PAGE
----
This is taken from A
Moment In Time and Footprints
In The Sand CD booklets.
Go to Part Two.
Larry Norman will soon be reaching his 40th year in music. He has been called "the father of Christian rock" because it was he who first combined rock and roll with Christian lyrics back in 1956. He received the C.A.S. Lifetime Achievement Award several years ago. Previous to that recognition, Contemporary Christian Music Magazine compiled a vote from a national poll of different critics and writers who named Norman's Only Visiting This Planet record the most significant and influential gospel album ever released in the field of comtemporary Christian music.
He started writing songs when he was a child and performing them in public at the age of nine. With the emergence of Elvis Presley, pastors raged from the pulpit that rock music was from the Devil and could never be used by God. Larry felt differently - that rock music had evolved from the black gospel music of American slaves; that God didn't need to use rock or any other kind of music. God had used the cross.
Larry continued to confront the evangelical community with his own personal vision of what best communicated Christ's love to the Sixties generation. He signed with Capitol Records in 1966. Making three records, he left after releasing his landmark album Upon This Rock. He next signed with MGM and released Only Visiting This Planet and So Long Ago The Garden. His style of music had been contreversial for almost fifteen years before the Jesus Movement sprang up. Even his own father did not like his son's music, but when others began to write songs which were similar to his - things finally began to change. Time Magazine recognised him as the most significant artist in his field and Billboard Magazine called him the most important writer since Paul Simon. Coincidently he was written up by Christianity Today at the same time and this finally silenced his father's protestations. Although on stage he often appeared to be daring an audience to like him, this enfant terrible - the "bad boy of Christian music" - began to be perceived differently.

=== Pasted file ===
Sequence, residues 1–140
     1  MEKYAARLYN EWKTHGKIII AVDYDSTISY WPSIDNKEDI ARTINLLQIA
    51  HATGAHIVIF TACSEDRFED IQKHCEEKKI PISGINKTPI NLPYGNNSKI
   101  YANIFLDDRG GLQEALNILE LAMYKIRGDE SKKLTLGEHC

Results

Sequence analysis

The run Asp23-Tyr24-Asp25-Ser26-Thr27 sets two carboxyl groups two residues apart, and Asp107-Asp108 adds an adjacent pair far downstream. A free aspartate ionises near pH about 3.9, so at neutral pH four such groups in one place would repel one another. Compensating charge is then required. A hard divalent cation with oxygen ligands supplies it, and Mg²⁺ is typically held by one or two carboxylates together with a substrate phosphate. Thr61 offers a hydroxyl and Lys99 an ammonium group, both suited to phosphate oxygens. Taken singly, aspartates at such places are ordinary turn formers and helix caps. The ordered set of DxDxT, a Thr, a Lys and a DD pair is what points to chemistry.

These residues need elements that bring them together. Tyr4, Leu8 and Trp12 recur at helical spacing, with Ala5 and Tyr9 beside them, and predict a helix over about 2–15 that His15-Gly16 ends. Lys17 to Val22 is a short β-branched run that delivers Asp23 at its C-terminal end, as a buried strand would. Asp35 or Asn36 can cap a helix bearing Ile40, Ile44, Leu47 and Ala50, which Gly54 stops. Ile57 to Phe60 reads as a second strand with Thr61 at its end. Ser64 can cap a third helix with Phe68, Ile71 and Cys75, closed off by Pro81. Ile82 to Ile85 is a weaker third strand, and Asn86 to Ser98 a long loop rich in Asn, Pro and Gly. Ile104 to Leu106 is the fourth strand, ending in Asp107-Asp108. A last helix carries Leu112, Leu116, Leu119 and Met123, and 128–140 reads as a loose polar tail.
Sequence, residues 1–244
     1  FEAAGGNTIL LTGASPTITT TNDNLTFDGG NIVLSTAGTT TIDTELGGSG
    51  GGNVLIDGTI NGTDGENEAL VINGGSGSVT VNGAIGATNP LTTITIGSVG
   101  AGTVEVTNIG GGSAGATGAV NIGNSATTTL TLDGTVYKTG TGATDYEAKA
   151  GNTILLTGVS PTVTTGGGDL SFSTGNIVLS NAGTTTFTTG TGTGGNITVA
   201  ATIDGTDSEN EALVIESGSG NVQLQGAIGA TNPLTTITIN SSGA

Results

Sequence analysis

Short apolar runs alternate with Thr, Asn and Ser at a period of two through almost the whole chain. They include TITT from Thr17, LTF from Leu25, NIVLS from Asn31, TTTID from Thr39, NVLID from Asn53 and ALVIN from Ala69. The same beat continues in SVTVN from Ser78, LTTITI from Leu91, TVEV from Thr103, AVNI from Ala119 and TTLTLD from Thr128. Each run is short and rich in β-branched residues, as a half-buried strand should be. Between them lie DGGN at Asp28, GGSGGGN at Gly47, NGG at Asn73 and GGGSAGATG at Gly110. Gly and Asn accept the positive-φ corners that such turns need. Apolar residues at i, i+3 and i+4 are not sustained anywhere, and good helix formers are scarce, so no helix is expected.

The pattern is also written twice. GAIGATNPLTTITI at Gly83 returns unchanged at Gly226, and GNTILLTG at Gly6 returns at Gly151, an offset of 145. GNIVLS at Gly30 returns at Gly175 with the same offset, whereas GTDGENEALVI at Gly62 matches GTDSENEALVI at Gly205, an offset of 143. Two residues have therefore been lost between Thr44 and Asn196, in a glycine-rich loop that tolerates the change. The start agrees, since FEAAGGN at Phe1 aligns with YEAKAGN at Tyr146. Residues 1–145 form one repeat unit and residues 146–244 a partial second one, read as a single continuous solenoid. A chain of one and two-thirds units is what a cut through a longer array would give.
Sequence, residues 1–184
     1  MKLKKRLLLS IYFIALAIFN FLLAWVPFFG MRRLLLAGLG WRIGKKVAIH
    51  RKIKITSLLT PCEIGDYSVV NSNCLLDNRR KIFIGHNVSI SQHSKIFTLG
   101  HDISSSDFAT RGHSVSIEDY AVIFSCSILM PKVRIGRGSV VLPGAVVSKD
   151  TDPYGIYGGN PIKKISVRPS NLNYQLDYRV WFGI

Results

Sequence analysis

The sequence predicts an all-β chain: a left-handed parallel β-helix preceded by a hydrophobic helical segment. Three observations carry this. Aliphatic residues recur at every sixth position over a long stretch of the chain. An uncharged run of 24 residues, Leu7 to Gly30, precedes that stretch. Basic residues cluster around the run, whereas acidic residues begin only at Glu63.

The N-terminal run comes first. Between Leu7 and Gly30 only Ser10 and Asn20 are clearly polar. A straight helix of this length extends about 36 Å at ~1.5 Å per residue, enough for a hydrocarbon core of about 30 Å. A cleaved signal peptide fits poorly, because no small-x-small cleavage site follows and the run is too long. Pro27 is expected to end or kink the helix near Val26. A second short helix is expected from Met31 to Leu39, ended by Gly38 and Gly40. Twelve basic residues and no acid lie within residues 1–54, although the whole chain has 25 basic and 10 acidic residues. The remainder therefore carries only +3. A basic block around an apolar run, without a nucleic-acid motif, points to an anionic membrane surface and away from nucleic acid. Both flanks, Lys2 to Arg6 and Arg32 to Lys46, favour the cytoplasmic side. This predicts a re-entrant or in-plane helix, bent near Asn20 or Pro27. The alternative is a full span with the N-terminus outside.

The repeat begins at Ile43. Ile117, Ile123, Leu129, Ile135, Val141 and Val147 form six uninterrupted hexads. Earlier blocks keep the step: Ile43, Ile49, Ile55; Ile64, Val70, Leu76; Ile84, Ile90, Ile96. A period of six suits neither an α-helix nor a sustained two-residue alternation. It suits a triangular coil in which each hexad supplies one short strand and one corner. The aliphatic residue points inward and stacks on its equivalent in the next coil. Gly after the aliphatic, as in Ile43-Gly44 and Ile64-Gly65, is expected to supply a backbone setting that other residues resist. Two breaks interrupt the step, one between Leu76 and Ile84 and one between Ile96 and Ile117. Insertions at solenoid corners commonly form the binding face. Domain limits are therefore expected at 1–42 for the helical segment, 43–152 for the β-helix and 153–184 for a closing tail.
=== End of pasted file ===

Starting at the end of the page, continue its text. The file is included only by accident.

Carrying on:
Upon This Rock was banned by the majority of Bible Bookstores for two years. Only Visiting This Planet remained in limbo fo over six years. Finally, in 1975, after the explosive success of In Another Land within the Christian community, Larry created The Compleat Trilogy, a three-record boxed set of Planet, Garden and Land which included a book explaining the work he had been doing. He was told by the "mother company" that the gospel community wasn't ready for his previous two albums and that, frankly, none of the in-house staff or executives "understood" Planet or Garden anyway.
Upon leaving MGM Records in 1974 he had started his own label, Solid Rock Records. His first recording, Orphans From Eden, was never released. His next album, In Another Land, was executorially censored by the "mother company" which insisted on removing any music they felt was "too negative" or "too controversial." When his 1976 album Something New Under The Son, net with similar censorship, he took off on a seven-month world tour and wrote Voyage Of The Vigilant. The idea was to combine live concert performances with on-the-road hotel room recordings and stop-over studio sessions whenever foreign studios were available. This expansive tour was covered by journalist Steve Turner and chronicled by photographer D.C. Riggot. Larry toured with a rock and roll band and also performed solo sets throughout America, Canada, Australia, Scandinavia, the Netherlands, Great Britain, Germany, France, Italy, and more exotic locales like Israel, Lebanon, India, Hong Kong, and Japan - but with songs like "Three Million Gods," and "Cats Of The Coliseum," discussing the Hindu religion and the early martyrdom of Christians in Rome, this album was not acceptable because it was considered too "avant garde." So Voyage Of The Vigilant was never released. Larry's joyous trashcan symphony Le Garage Du Monde, The Young Lions' Spirit And Flesh ensemble work and Steve Scott's Moving Pictures were all considered too far over-the-edge for the American youth gospel market and never released.
So for what proved to be only a very short time, Larry produced other artists he had discovered in obscurity. Each of their album releases had been successful, both artistically and commercially. This "golden age of Solid Rock" was still in full flower, and Larry was getting ready to sign with Warner Brothers when he was involved in the airplane accident of 1978 which injured his spine, neck, and skull - and caused him partial brain damage. This started him down a very different road. His farewell song from Voyage Of The Vigilant proved to be self prophetic in a way other than he had intended and his brain damage silenced his literate voice for the next twelve years. His plan had been to let his contract run out uppon his return to America, but now he was unable to carry out his plans to move to Warner's.